from a professional actor, to a jack-          by a phone call.                              I’m kind of appropriate for the type of
of-all-trades, and most recently to the            “She just has been an absolute            character I am so I have opportunities
recipient of the Region 5 nomination                                                         to play more interesting roles,” Johnson
for Acting Coach of the Year at the                “Everything that I                        said.
                                                                                                  Working on the project together
American College Theater Festival              respected about her was                       also reminded Kennedy how much he
     “So I’ve gotten the regional
                                                 just underlined twice                       appreciates Johnson’s skill.
nomination, I don’t know that I’ll get                  again.”                                   “Everything that I respected about
the award itself,” Johnson said. That                                                        her was just underlined twice again,”
award would mean a two week paid trip          wonderful person to work with and             Kennedy said.
to New York to work with some of the           she’s fit into the Ambrose style very               Students are the fuel that makes the
finest acting coaches in the country.           well,” professor Mike Kennedy said.           university go, however, and Johnson
     “I’m thinking my chances are very         For the longest time Kennedy was the          was quick to spell out her appreciation
slim,” Johnson said with a laugh. “It          theatre department at St. Ambrose,            of the work they do too.
would be terribly scary, but a fabulous        going almost twenty years as its only              “I just can’t say enough about
opportunity.”                                  professor. Johnson came in 1989, and          the students that come through these
     If reading were a part of the criteria,   “hit the ground running,” as Kennedy          doors,” Johnson said. “My best reward
Johnson would be a shoe in. Over the           put it.                                       is having them succeed, I don’t need an
years she has accumulated a small                  “I used to be just an actor,” Johnson     award myself.”
library of theatre books and scripts, all      said. “By necessity of a small school I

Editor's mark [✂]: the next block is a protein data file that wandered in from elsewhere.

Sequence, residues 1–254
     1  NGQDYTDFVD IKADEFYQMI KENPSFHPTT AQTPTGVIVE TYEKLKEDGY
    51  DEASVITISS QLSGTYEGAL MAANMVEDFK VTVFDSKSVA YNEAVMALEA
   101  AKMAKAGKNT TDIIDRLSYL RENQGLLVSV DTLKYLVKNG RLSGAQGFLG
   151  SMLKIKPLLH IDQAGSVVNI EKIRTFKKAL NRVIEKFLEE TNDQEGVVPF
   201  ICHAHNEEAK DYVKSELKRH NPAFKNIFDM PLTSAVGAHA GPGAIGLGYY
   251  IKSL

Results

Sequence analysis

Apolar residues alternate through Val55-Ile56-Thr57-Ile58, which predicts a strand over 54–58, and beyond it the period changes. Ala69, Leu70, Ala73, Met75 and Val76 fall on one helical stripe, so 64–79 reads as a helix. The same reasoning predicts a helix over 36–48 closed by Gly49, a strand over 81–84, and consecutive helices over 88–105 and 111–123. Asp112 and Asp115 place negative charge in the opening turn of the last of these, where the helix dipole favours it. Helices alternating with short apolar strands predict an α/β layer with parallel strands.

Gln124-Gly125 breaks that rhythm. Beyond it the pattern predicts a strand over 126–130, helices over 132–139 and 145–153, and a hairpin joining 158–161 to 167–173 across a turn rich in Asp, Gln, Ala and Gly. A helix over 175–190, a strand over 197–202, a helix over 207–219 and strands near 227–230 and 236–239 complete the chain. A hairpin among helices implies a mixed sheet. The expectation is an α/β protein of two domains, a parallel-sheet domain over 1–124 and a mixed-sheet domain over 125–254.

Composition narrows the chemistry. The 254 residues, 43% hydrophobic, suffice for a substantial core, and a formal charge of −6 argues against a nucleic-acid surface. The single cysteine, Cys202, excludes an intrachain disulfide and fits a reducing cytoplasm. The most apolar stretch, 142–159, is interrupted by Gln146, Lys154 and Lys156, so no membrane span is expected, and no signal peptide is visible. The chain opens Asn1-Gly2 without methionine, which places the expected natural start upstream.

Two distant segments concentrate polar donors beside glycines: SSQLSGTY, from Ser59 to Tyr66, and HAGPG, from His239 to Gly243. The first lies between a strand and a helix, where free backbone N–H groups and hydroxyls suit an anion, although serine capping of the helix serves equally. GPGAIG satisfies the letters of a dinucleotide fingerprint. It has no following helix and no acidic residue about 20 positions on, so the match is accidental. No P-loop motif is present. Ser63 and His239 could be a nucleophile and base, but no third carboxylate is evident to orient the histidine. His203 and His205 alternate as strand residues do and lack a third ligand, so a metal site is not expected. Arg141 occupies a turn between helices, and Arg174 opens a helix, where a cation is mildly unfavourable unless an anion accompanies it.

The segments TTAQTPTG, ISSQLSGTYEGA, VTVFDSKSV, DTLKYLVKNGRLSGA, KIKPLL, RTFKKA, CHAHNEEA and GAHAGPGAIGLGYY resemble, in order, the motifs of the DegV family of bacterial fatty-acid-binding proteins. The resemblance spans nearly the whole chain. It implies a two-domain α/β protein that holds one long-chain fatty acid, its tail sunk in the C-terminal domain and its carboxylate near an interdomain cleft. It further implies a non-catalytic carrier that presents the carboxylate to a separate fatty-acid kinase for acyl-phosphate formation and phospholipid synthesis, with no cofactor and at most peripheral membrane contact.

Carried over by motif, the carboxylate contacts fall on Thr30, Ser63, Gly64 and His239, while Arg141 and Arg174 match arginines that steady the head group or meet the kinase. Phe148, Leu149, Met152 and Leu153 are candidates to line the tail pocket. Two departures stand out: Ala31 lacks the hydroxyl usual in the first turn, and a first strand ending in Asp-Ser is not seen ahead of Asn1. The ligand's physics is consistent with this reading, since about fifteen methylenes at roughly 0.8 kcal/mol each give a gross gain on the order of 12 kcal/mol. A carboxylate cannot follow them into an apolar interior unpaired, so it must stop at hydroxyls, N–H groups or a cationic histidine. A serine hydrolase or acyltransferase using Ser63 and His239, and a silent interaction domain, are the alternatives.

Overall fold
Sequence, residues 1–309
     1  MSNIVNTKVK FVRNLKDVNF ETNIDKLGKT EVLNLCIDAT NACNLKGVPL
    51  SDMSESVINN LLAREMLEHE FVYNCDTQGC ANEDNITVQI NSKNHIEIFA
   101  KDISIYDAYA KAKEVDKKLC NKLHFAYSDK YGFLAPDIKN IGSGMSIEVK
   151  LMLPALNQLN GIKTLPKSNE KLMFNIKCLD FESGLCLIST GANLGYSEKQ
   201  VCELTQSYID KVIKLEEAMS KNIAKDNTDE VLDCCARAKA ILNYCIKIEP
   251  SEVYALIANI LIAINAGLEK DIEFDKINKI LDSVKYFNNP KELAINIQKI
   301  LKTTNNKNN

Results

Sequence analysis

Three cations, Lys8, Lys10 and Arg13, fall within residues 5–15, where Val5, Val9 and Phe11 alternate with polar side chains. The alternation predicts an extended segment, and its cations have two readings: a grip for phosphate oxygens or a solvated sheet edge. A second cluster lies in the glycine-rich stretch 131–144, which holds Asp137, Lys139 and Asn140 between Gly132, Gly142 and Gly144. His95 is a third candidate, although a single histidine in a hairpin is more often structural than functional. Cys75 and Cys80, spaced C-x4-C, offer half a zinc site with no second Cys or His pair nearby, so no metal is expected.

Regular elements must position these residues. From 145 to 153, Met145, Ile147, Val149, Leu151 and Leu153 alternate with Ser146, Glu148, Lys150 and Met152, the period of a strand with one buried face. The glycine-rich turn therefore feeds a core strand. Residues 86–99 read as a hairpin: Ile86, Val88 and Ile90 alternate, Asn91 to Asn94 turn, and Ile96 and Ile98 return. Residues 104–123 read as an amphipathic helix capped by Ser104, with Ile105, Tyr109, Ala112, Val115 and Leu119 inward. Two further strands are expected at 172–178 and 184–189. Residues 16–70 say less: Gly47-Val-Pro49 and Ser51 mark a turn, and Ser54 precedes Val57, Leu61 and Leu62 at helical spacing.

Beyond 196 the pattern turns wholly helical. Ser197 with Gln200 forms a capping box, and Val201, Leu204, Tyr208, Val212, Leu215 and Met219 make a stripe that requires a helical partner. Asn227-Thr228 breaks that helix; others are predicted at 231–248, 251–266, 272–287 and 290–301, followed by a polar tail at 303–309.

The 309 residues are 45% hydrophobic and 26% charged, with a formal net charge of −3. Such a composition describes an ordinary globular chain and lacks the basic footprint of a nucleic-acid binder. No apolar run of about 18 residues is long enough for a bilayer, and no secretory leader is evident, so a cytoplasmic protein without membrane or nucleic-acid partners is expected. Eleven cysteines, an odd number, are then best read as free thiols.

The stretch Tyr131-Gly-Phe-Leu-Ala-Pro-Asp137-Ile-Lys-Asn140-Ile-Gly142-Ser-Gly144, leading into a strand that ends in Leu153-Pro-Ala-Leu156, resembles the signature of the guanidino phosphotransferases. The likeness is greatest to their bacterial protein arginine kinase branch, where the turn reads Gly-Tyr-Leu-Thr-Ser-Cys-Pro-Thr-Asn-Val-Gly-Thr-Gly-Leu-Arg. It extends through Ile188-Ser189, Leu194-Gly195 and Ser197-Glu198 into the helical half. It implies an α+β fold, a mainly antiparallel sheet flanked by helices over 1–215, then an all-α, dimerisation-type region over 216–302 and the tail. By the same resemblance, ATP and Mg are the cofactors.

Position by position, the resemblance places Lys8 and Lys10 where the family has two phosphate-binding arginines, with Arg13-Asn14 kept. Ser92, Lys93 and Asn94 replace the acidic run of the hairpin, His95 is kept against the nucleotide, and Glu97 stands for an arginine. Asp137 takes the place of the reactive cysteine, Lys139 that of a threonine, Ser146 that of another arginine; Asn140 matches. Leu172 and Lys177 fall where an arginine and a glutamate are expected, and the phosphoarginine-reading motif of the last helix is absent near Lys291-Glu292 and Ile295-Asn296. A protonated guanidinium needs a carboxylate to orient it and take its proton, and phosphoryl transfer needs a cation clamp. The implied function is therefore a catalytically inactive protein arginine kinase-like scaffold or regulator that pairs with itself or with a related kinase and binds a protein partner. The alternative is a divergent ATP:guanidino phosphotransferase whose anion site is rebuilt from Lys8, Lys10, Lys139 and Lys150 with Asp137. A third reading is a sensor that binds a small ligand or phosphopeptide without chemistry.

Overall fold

of which have ended up on shelves that         teach costume design, I teach history of
Page 15                                                             People                                                 The Acorn

More than just theatre—another side of Kennedy
                                                   above achievements, he has also pulled             said, “Thereʼs only one or two other
Sarah Lindner                                      off another project as well. That is his           lamps companies I think.”
Staff Writer                                       small owned family business which is                    After Kennedyʼs father passed
                                                   located in Rock Island.                            away in the mid-80s, the business was
                                                        “It is a family business that my dad          kept opened for their mother, until she
    Aside from being a professor and
                                                   opened in the 40s,” Kennedy said.                  passed as well. Kennedyʼs brother,
a theatrical role model for St. Ambrose
                                                        During WWII, Kennedyʼs father                 Pat, has managed the business for al-
University, Michael Kennedy also has
                                                   could not be drafted because of an ear             most five years now.       Much of the
something about him that you may
                                                   problem, so he started selling light-              businessʼ advertising is accumulated